5. Past member Board of Education and Training, American Society of Microbiology.
6. Designed curricula at various levels of learning relating educational objectives to Microbiology and to the field of Biochemical and Biomedical Technology.
Epidemiology of microbial diseases. Pathogenesis in the face of host defense. Study of the role of toxins and enzymes in disease production.
To Honors College, University of Illinois:
1. Scientific solutions to social, economic and educational problems.
2. Where have all the economists gone? Why the kitty is not recycling?
A comparison of energy and material flow in biological system versus the flow of money and materials in our human designed economic system.
1. Boyd, J., Hague, R. and Weiser, H. H. (1961). Modification of the pad-plate method of determining chlortetracycline in egg white. J. Food Science 26: 119-121.
2. Haque, R. and Baldwin, J. N. (1964). Types of hemolysins produced by Staphylococcus aureus as determined by the replica plating technique. J. Bacteriol. 88: 1442-1447.
3. Haque, R. and Baldwin, J. N. (1964). Purification and properties of staphylococcal beta hemolysin. I. Production of beta hemolysin. J. Bacteriol. 88: 1804-1809.
4. Haque, R. (1967). Identification of staphylococcal hemolysins by an electrophoretic localization technique. J. Bacteriol. 33: 525-530.
5. Murphy, R. A. and Haque, R. (1967). A multiple inoculating device for bacteria. American J. of Clin. Pathology 47: 554-555.
6. Murphy, R. A. and Haque, R. (1967). Purification and properties of staphylococcal delta hemolysin. I. Production of delta hemolysin. J. Bacteriol. 94: 1317-1333.
7. Bently, D. W., Haque, R., Murphy, R. A. and Lepper, M. H. (1968). Biotyping, an epidemiological tool for coagulase negative staphylococci. Antimicrobial Agents and Chemotherapy, 1967.
8. Haque, R. and Baldwin, J. N. (1970). Purification and properties of staphylococcal beta hemolysin. II. Purification of staphylococcal beta hemolysin. J. Bacteriol. 100: 757-759.
9. Baman, S. and Haque, R. (1970). Production of multivalent extracellular filtrates of S. aureus. Canadian J. Microbiol. 16: 1255-1261.
10. Makonkawkeyoon, S. and Haque, R. (1970). Immunodisc electrophoresis. Analytical Biochem. 36: 422-427.
11. Murphy, R. A. and Haque, R. (1971). Identification of staphylococcal delta hemolysin. Canadian J. Microbiol. 17: 737-739.
12. Javidan, S., Haque, R. and Mrtek, R. (1971). Microbiologic determination of drug partitioning. I. Gelatin-Acacia complex coacervate system. J. of Pharmaceutical Sciences 12:1825-1829.
13. Ali, M. I. and Haque, R. (1972). Identification of staphylococcal epsilon hemolysin. Canadian J.Microbiol. 18: 535-536.
14. Sharma, B. S. and Haque, R. (1973). Effect of tryptophan analogues on synthesis of staphylococcal beta hemolysin. J. Gen. Microbiol. 77: 221-224.
15. Sharma, B. S. and Haque, R. (1973). A chemically defined medium for the production of staphylococcal beta hemolysin. Canadian J. Microbiol. 19: 1319-1323.
16. Ali, M. I. and Haque, R. (1974). Recognition of electrophoretic localization of the extracellular products of selected strains of staphylococci. J. Med. Microbiol. 7: 375-382.
17. Murphy, R. and Haque, R. (1974). Large scale production of staphylococcal delta hemolysin by the dialysis membrane technique. Canadian J. Microbiol. 20: 1061-1063.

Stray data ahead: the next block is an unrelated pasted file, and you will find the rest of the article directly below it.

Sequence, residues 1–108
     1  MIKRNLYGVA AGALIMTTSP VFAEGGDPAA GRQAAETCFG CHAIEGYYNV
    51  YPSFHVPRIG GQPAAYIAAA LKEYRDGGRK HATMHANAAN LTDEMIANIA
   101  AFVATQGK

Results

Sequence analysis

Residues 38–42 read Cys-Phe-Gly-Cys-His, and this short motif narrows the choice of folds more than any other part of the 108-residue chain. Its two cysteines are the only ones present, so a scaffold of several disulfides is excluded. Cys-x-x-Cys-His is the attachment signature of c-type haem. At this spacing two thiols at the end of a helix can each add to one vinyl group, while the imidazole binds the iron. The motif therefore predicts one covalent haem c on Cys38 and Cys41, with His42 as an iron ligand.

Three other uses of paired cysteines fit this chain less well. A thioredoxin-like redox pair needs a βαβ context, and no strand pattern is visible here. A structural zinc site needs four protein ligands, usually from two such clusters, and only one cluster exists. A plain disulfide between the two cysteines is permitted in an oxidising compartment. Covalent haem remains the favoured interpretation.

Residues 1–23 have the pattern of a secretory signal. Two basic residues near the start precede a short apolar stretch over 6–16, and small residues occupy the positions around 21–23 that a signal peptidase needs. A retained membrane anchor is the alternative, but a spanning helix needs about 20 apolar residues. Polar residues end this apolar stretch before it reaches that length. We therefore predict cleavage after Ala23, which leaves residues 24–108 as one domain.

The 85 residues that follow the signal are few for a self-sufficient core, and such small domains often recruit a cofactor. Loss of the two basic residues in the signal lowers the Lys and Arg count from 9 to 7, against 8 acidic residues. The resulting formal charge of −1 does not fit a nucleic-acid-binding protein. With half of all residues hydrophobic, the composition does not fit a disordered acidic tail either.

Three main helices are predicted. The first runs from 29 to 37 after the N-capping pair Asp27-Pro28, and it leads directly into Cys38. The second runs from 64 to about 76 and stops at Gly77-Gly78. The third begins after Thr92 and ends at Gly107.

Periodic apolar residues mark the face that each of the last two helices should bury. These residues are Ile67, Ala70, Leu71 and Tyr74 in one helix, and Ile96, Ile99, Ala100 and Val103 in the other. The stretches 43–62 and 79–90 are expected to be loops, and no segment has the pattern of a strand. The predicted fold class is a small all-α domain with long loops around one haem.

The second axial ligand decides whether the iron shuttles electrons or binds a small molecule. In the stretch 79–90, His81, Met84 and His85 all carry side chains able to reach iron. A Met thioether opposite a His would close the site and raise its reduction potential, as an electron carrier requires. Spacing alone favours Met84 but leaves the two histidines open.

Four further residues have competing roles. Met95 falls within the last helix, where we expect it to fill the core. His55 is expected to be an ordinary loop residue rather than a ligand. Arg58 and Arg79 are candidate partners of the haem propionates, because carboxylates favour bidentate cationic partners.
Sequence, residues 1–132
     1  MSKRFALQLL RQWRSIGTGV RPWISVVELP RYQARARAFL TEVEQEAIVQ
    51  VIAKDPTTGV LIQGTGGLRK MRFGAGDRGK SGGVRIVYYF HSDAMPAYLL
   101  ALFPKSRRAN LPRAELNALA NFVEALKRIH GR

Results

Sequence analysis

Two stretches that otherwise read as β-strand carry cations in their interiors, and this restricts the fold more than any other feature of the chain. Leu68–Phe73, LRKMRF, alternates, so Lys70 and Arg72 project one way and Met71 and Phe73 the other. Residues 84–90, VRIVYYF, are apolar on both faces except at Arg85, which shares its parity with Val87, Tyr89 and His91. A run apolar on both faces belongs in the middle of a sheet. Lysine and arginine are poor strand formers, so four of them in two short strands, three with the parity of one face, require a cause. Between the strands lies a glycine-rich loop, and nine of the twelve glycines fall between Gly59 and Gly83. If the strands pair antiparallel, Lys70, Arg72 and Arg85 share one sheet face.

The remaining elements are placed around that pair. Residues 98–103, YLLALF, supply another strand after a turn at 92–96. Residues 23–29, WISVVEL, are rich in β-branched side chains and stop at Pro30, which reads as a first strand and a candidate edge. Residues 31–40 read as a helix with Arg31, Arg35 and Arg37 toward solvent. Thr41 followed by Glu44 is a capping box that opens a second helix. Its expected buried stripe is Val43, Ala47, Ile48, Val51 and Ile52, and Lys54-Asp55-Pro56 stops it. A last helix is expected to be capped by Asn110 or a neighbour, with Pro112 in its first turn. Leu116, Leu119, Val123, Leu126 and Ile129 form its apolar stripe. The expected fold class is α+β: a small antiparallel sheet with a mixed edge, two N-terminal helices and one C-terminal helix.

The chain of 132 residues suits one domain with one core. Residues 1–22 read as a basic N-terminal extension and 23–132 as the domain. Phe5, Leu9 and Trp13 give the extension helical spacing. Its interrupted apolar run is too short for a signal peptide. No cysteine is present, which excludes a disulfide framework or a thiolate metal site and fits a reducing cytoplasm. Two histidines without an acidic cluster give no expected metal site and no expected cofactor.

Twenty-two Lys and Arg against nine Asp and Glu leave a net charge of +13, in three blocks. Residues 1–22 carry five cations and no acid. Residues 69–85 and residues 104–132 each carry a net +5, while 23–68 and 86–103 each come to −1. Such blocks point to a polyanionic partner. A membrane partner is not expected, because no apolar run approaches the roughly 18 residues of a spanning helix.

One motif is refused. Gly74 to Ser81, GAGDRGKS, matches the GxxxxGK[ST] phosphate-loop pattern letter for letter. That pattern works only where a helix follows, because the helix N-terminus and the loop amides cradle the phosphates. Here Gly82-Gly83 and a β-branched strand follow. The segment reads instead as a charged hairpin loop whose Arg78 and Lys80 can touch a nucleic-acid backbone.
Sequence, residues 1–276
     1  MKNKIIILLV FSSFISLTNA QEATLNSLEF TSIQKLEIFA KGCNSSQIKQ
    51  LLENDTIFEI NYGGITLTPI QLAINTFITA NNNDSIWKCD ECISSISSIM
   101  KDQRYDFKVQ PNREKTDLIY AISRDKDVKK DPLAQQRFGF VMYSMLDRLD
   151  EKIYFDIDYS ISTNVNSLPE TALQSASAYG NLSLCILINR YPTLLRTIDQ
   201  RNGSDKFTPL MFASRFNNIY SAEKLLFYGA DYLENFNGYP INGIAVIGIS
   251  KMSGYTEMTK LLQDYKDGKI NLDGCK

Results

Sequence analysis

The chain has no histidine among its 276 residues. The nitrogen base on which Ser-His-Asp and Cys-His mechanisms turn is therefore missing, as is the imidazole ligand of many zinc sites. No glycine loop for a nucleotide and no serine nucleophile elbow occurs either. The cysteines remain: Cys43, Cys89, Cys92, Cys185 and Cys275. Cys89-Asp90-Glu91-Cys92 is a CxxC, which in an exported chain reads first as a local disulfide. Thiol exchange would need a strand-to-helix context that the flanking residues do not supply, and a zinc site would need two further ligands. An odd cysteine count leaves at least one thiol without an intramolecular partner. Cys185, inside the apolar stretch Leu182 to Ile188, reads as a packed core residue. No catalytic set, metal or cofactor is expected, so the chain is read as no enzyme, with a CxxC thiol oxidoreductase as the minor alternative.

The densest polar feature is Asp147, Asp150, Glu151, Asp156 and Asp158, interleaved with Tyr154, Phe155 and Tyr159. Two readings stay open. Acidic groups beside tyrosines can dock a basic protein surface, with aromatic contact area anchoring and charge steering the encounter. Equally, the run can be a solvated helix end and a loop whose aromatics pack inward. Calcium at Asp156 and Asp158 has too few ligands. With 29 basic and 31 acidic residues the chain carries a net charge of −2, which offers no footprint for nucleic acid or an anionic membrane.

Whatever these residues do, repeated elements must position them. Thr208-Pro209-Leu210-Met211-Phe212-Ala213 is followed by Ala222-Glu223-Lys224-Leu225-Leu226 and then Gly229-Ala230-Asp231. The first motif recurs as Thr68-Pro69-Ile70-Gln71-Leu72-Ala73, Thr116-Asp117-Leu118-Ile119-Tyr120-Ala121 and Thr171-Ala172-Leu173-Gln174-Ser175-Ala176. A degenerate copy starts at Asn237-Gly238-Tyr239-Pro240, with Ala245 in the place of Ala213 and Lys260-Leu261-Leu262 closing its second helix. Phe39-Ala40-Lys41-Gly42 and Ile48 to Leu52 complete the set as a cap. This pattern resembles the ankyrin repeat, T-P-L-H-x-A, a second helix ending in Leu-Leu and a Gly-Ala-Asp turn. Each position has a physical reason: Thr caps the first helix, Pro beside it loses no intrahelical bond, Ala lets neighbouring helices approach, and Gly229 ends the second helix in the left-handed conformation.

18. Lee, Sheng-Hao and Haque, R. (1976). Lysis of erythrocytes by sepharose-staphylococcal delta toxin complex. Biochem. Biophys. Res. Commun. 68: 1116-1118.
19. Madler, J., Lee, Sheng-Hao and Haque, R. (1376). Agar plate tests of enhanced sensitivity for detecting biologically active products of staphylococcal filtrates. J. Appl. and Environ. Micro. 32: 575-578.
20. Nelson, K. E., Bisno, A. L., Waytz, R., Brunt, J., Moses, V. K. and Haque, R. (1976). Epidemiology and natural history of streptococcal pyoderma: An epidemic disease of the rural southern United States. Am. J. of Epidem. 103: 270-283.
21. Rudek, W. and Haque, R. (1976). Extracellular enzymes of the genus Bacteroides. J. Clin. Microbiol. 4: 458-460.
22. Lee, Sheng-Hao, Sarauskas, T., Hoy, E. and Haque, R. (1976). Purity of staphylococcal delta hemolysin obtained by three different procedures. J. Med. Microbiol. 9: 371-377.
1. Baman, S. I. and Haque, R. (1970). Identification of extracellular products of S. aureus. Bacteriological Proceedings.
2. Murphy, R. and Haque, R. (lg71). Purification of staphylococcal delta hemolysin. Bacteriological Proceedings.
3. Cabrera, G. and Haque, r. (1973). Types of hemolysin produced by S. epidermidis. Bacteriological Proceedings.
4. Baman, S. and Haque, R. (1971). A non-hemolytic lethal factor of Staphylococcus aureus. Bacteriol. Proc.
5. Lee, S.-H. and Haque, R. (1976). Characterization of staphylococcal mitogens. Bact. Proc.
6. Morzarati, S. K., Hoy, E. S. and Haque, R. (1976). The recovery of L-forms from clinical specimens. Bact. Proc.
7. Rudek, W. and Haque, R. (1976). Purification of a micro-polysaccharide from Bacteroides fragilis distasonis. Bact. Proc.
8. Zelinski, M. and Haque, R. (1976). Simplified medium for the expression of Kanagawa phenomenon. Bact. Proc.
9. Zelinski, M. and Haque, R. (1976). The effect of sodium chloride and carbohydrates on the Kanagawa phenomenon. Trans. III. State Acad. Science.
10. Rudek, W. and Haque, R. (1976). Extracellular hyaluronidase activity in Bacteroides fragilis. Trans. III. State Acad.Science.
11. Lee, S.H. and Haque, R. (1976). Staphylococcal mitogens. Trans. III. State Acad. Science.
Books, Monographs and Articles:
1. The story how science got reduced to 150 concepts and skills and how you and the society can benefit from it.
2. What really ails our educational system?
3. Article in Urdu, how to control tuberculosis, Zameendar, Lahore, Pakistan (1956 or 1957)
4. A curriculum of Basic and Applied Microbiology. A hands on condensed and integrated work book explaining the past 200 years of microbiology and how that knowledge impacted our society.
5. Education is suffering from the inverted funnel syndrome.